Kose, Alper and Cereatti, Andrea and Della Croce, Ugo (2012) Daily life activity classification using a single inertial measurement unit attached to the waist. Gait & Posture, Vol. 35 (Suppl. 1), S21. eISSN 1879-2219. Article.
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Introduction: With the increase of sedentary style of life and ageing, quantifying the amount of movement during daily life becomes crucial. For monitoring daily life activities, inertial measurement units (IMU), a combination of miniature tri-axial angular rate and gravity sensors, are promising tool. To this purpose, different
studies proposed to apply machine learning methods to the
data provided by single or multiple sensors  attached to the various segments of the body . The aim of this study was to develop and test amethod to identify some of the daily life activities simply using a single IMU attached at the waist level on a body side.
Materials and methods: Data were acquired using a single IMU (FreeSense, Sensorize®) featuring a tri-axial accelerometer and two bi-axial gyroscopes (sampling frequency 50 Hz) placed at the waist level on the right body side. Training data set was acquired on ten subjects (four females, 31±4 yrs) who performed the following dynamic activities: walking, walking up/down stairs, turning, sit-to-stand, and stand-to-sit. Static activities performed were: standing, sitting. The subjects were guided by an examiner, who identified the timing of each activity, throughout the 5min long acquisitions. Ten acquisitions were made for each subject.
The distinction between dynamic and static activities was accomplished with the method that was presented in a previous study . Then, two different approaches were used for each activity type. Static activities were distinguished based on the relative angle with
respect to the gravitational acceleration direction. For the dynamic activities a neural classifier was used. Distinguishing static and dynamic activities allows the neural classifier to focus on fewer types of activities aimed at increasing its accuracy.
Multilayered feed-forward artificial neural network (ANN) with the resilient backpropagation (RPROP) learning algorithm was used to train the neural classifier. The ANN presented two hidden layers and a hyperbolic tangent sigmoid transfer function was used as transfer function for each layers. The signal inspection is performed using a sliding window approach, with window size 128 samples (2.56 s) and 64 samples (1.28 s) overlapping between each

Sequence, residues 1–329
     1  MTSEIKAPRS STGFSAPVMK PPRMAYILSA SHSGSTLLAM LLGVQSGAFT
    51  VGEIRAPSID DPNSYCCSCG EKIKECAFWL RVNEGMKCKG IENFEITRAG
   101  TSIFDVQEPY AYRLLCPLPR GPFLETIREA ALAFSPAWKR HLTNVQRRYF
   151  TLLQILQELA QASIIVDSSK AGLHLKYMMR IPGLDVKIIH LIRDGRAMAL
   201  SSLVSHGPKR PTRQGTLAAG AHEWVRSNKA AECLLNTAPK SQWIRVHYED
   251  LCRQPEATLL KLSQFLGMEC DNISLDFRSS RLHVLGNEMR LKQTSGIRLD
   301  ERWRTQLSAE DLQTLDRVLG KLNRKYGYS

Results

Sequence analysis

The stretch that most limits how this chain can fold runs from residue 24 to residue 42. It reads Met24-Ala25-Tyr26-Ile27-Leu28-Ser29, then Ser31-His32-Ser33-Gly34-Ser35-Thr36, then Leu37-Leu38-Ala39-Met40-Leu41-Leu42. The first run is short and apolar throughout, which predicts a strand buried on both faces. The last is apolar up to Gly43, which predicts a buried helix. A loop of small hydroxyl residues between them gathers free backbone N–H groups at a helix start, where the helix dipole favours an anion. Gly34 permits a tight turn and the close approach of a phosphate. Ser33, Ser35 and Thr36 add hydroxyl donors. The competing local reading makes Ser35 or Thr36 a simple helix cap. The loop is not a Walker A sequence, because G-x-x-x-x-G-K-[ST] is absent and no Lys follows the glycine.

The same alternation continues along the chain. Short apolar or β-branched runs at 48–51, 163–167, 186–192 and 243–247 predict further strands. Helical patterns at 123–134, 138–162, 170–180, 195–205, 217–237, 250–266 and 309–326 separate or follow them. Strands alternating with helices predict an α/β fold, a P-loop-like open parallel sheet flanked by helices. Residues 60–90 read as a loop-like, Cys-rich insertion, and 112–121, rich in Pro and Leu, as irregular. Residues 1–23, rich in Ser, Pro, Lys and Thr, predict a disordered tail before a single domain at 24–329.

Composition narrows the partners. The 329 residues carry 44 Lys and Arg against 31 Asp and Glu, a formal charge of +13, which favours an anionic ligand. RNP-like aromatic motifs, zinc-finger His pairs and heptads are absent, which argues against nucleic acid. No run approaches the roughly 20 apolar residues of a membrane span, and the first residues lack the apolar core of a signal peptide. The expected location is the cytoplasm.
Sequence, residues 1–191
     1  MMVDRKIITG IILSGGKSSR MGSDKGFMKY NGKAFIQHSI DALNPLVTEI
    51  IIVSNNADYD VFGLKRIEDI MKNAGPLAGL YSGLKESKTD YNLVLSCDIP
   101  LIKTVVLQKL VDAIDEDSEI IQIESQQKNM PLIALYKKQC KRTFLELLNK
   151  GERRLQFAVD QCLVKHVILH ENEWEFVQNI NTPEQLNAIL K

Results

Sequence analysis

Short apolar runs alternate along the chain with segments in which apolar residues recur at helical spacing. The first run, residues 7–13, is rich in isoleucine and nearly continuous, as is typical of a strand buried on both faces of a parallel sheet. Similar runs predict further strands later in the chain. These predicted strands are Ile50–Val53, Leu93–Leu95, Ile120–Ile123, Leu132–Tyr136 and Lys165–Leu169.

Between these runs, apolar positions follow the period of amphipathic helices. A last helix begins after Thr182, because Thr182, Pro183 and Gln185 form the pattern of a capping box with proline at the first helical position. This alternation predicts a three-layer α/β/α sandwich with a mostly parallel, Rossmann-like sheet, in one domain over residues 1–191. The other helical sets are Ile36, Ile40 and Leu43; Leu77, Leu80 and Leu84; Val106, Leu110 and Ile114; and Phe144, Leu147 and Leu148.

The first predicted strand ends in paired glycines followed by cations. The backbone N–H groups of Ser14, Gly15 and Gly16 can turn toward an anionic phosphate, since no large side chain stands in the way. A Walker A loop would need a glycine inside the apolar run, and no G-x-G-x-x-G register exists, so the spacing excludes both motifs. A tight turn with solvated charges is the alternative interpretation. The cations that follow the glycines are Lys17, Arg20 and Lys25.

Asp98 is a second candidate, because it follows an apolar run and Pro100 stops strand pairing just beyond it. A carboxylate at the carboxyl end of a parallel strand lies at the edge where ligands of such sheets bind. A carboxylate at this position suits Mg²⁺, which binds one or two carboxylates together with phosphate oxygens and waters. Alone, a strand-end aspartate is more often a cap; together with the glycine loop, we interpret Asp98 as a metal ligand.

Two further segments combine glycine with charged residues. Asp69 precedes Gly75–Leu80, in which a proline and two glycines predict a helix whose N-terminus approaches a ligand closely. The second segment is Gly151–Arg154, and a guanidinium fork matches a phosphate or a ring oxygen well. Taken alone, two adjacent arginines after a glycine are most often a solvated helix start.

consecutive window. For each window, features characterizing the signal were extracted from the IMU signals. The selected features were: (1) the mean value of the signal within the window interval, (2) the standard deviation of the window interval, (3) the energy
content (sum of squared FFT component magnitudes divided by
the window length), (4) correlation between signals in the interval of window. The correlation was useful for differentiating among activities in which most of the movement is along a sensing axis.
For example, walking and running feature the largest displacement in one of the sensor directions, whereas stair climbing involves a displacement in a combination of two sensor directions. Effectiveness of these features was demonstrated in prior work [1,2]. Thirty-three features for each window were extracted: six features (three for the acceleration and three for the angular velocities) for
mean, standard deviation and energy and, fifteen features for correlation were calculated. 75% of data acquired were used for training, 15% for validation and 10% of the acquired data is used for testing the method.
Results: Average recognition and accuracy rates for the whole process were 95.21% and 94.87%. The recognition rate column shows the percentage of activities classified correctly. Accuracy rate column shows the percentage of predicted activities that are classified correctly.
Discussion: In this study, amethod to classify the daily life activities using an artificial neural network using a single IMU attached to the waist was proposed. The average accuracy rate in this study was higher than a similar method proposed previously  which was 90.61%. This might be due to the fact that in the referenced
study only accelerometer signals were used, whereas in this study gyroscope signals were also used.
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